Throughout his time in the White House, Donald Trump, a wealthy businessman, devoted his position to ensuring that the United States’ worldwide commercial interests are protected. Trump levied tariffs on foreign items that bolstered U.S. firms, resulting in favorable economic repercussions for our nation.
The Biden administration has, for the most part, maintained the tariffs and argued against USP Holdings and other steel importers who claimed the duties caused them harm. Businesses that import to the United States fought against steel tariffs that would negatively impact their import operations, and this argument has now reached the Supreme Court.
USP Holdings appealed to the Supreme Court after lower courts rejected its allegation that the Trump administration behaved unlawfully when it implemented the tariffs, Yahoo reported.
In a lawsuit involving steel tariffs, President Joseph Biden’s administration took the side of former President Donald Trump’s administration, and the U.S. Supreme Court agreed.
“The Biden administration understands that simply lifting steel tariffs without any solution in place, particularly beyond the dialogue, could well mean layoffs and plant closures in Pennsylvania and in Ohio and other states where obviously the impact would be felt not only economically but politically,” Scott Paul, president of the Alliance for American Manufacturing, said.
“Trump cited Section 232 of the Trade Act of 1962, which permits the president to impose restrictions on the importation of goods deemed essential to national security. He said at the time that the tariffs were needed to bolster the production of airplanes, ships, and military materials with U.S. steel. The tariffs created tension with some U.S. allies, although some countries were exempted from the policy,” the report added.
“The Supreme Court turned away the petition in USP Holdings Inc. v. United States, court file 22-565, in an unsigned order. The court didn’t explain its decision. No justices dissented from the order. In April 2017, then-Commerce Secretary Wilbur Ross commenced an investigation to determine whether “steel was being imported under such circumstances as to threaten or impair national security,” according to the petition (pdf) filed with the Supreme Court,” it continued.
Both the present government and the SCOTUs have upheld Trump’s actions, highlighting the sound rationale President Trump employed when he imposed the tariffs.
According to Conservative Brief, the Supreme Court is prepared to issue opinions this term that might derail climate change cases.
Fox News’ Boyden Gray explains:
“For over a century, the Supreme Court has held that lawsuits over air (and water) pollution that crosses state lines must be decided under federal law. This means overreaching states and cities cannot impose their environmental agendas on their neighbors or otherwise hijack the domain of federal environmental law, federal regulations, and international treaties,” Gray wrote.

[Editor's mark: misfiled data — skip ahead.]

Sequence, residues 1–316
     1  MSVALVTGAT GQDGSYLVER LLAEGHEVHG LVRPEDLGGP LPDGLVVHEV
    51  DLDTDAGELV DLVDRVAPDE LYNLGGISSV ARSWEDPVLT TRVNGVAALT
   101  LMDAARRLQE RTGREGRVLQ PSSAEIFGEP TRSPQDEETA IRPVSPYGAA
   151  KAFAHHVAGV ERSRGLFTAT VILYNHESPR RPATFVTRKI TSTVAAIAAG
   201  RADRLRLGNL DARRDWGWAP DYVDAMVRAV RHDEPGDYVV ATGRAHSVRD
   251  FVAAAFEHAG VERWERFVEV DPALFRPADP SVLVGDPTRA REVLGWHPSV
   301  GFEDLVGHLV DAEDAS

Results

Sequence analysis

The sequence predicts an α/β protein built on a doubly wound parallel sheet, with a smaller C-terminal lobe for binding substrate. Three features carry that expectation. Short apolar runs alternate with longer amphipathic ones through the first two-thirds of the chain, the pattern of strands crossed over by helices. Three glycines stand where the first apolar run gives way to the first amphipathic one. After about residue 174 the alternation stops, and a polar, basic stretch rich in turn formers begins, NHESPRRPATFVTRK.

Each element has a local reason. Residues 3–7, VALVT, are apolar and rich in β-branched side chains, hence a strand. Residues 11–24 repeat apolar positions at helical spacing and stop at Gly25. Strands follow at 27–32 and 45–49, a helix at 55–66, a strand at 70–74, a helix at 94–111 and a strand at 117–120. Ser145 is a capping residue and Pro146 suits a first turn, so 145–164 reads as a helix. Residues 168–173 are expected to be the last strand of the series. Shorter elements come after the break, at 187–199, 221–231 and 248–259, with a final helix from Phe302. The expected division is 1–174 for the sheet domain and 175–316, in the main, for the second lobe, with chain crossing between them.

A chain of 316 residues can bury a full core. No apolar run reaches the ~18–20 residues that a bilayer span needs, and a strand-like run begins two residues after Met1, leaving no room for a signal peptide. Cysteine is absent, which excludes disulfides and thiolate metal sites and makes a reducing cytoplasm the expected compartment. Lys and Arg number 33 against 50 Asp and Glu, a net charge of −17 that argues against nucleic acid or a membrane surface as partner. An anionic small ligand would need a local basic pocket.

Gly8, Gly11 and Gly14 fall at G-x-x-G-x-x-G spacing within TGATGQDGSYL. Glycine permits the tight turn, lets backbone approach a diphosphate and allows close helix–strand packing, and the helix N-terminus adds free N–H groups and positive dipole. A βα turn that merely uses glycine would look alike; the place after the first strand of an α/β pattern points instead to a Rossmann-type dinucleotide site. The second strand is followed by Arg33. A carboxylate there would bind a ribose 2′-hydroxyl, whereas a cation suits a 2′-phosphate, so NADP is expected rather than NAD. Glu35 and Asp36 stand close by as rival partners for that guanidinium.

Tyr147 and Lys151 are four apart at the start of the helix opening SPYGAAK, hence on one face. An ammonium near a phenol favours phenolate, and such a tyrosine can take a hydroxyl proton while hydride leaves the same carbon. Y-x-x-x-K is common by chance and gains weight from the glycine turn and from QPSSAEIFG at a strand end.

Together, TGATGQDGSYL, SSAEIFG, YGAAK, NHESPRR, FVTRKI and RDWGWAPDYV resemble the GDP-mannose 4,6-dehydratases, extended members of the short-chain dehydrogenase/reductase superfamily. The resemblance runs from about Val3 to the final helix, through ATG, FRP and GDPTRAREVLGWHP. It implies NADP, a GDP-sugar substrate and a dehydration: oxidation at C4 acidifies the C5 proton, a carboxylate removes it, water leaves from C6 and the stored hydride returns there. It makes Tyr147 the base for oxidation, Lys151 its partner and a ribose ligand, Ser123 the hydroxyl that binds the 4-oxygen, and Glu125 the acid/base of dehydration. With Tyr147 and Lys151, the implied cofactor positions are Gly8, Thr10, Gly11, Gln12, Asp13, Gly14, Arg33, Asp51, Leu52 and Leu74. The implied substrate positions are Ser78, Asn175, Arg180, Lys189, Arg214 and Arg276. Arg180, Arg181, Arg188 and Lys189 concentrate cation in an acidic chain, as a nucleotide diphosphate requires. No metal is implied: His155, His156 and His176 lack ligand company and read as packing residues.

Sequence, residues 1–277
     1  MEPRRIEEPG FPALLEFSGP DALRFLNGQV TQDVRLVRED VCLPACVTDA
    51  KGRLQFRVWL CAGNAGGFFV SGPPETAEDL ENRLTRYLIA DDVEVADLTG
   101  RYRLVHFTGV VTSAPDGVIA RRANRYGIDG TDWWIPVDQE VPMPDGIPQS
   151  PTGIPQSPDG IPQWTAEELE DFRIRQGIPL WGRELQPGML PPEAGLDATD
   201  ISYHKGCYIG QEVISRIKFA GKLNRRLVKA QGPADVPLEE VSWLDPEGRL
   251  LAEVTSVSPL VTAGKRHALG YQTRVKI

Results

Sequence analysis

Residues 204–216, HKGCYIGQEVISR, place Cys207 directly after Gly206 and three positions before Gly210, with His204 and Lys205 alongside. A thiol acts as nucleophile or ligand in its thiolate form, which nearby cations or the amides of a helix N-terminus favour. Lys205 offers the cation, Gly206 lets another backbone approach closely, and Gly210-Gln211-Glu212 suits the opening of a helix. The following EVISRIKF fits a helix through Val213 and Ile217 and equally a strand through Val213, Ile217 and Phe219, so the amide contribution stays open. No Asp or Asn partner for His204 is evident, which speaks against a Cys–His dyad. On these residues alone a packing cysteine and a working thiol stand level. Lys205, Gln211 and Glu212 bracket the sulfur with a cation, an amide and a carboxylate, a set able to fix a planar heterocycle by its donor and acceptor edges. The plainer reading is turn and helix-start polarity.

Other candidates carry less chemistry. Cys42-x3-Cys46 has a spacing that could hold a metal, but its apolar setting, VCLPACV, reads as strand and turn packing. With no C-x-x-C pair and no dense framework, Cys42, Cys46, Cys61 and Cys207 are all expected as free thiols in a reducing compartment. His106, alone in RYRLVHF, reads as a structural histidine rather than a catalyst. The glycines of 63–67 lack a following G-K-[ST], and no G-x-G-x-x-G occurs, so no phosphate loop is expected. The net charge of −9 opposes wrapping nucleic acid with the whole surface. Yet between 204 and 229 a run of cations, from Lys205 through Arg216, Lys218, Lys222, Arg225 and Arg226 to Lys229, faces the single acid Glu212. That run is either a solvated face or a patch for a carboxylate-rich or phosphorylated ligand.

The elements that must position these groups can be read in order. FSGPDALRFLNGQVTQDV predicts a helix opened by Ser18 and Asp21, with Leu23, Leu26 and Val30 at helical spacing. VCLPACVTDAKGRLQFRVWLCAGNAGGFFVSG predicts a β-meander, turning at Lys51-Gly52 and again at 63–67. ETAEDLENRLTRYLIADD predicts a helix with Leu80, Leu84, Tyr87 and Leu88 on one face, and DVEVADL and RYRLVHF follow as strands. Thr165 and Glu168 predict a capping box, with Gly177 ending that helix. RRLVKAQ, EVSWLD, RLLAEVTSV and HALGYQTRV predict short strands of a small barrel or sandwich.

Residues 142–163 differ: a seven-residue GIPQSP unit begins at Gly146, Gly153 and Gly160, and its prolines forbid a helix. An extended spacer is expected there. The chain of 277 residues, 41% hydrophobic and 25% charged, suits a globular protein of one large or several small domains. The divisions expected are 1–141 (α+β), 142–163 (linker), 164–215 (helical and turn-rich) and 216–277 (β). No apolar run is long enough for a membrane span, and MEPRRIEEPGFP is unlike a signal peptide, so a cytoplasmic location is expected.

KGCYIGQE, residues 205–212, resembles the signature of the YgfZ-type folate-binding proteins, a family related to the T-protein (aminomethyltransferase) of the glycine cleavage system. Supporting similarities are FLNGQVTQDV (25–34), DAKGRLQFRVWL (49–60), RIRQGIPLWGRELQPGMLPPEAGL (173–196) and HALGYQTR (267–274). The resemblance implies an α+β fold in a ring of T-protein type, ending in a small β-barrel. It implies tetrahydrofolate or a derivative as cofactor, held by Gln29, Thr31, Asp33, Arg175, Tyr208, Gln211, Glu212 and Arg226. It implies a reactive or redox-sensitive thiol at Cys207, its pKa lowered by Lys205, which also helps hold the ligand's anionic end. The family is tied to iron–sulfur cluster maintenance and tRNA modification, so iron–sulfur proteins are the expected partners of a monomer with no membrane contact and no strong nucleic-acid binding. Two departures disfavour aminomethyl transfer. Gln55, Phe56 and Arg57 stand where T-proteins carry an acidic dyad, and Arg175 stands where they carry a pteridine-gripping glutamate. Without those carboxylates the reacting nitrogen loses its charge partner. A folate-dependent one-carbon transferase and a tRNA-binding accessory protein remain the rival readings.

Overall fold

“The Supreme Court unanimously extended this principle in American Electric Power Co. v. Connecticut (AEP). That case, decided in 2011, involved federal-law claims by eight states, New York City, and others to compel certain power companies to abate their greenhouse-gas emissions. In an opinion by Justice Ruth Bader Ginsburg, the court concluded that applying federal law was appropriate, then agreed with the Obama administration that those claims couldn’t proceed in court at all because Congress has delegated the regulation of greenhouse-gas emissions to the Environmental Protection Agency (EPA) under the Clean Air Act,” he added.
Gray continues by stating that two more instances where progressive states and localities are initiating lawsuits demanding billions of dollars for damages supposedly tied to past, present, and future climate change use state law to avoid the point made by the late Judge Ruth Bader Ginsburg.
The 2nd Circuit in 2021 dismissed such claims outright in City of New York v. Chevron Corp. There, New York City sued a handful of energy companies under state law for damages allegedly caused by climate change. The court concluded that “over a century” of Supreme Court precedent makes clear that federal law necessarily applies to lawsuits relating to air pollution that crosses state lines, which includes greenhouse-gas emissions. Following AEP, the Second Circuit dismissed the case.
The Supreme Court is now considering three of these cases: Delaware v. BP America Inc., Chevron Corp. v. San Mateo County, and Suncor Energy (U.S.A.) Inc. v. Board of County Commissioners of Boulder County. The energy corporations in each case have petitioned the court to intervene and address both divides, reiterating that climate change cases are intrinsically controlled by federal law and hence belong in federal court.
Gray cautioned that the Supreme Court has the power to deal a crushing blow to liberals and anyone attempting to exploit legislation to “stick it” to large corporations in the name of “climate change” during this term.